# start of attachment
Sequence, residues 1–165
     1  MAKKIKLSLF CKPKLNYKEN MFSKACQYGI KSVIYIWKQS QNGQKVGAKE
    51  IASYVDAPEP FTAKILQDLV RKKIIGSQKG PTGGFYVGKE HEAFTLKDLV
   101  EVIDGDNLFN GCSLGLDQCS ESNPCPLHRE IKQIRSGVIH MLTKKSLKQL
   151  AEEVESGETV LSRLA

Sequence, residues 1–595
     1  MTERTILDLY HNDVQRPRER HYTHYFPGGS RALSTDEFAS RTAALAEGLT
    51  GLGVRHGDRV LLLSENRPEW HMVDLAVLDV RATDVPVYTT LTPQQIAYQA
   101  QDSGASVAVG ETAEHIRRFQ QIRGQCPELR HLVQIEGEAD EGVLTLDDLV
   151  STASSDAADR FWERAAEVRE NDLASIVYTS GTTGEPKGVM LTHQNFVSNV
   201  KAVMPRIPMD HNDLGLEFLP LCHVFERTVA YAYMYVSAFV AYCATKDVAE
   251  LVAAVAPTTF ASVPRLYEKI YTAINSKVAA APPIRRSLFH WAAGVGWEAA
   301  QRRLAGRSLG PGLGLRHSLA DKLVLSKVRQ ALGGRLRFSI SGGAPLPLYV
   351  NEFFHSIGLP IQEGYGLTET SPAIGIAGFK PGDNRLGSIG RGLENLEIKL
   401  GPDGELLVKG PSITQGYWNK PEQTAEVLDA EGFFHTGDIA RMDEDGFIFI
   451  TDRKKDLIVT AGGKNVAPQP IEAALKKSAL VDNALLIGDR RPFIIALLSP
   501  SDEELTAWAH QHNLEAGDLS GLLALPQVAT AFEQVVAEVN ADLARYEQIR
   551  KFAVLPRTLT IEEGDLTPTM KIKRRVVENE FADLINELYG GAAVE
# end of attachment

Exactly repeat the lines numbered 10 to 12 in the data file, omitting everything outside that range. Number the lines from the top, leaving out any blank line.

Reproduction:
   151  STASSDAADR FWERAAEVRE NDLASIVYTS GTTGEPKGVM LTHQNFVSNV
   201  KAVMPRIPMD HNDLGLEFLP LCHVFERTVA YAYMYVSAFV AYCATKDVAE
   251  LVAAVAPTTF ASVPRLYEKI YTAINSKVAA APPIRRSLFH WAAGVGWEAA